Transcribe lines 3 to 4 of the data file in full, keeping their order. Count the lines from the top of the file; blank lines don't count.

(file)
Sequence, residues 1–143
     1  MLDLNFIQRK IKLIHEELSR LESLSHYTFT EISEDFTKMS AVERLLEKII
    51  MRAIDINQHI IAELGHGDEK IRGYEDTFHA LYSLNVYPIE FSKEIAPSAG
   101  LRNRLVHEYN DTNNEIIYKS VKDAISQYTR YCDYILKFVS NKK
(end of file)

    51  MRAIDINQHI IAELGHGDEK IRGYEDTFHA LYSLNVYPIE FSKEIAPSAG
   101  LRNRLVHEYN DTNNEIIYKS VKDAISQYTR YCDYILKFVS NKK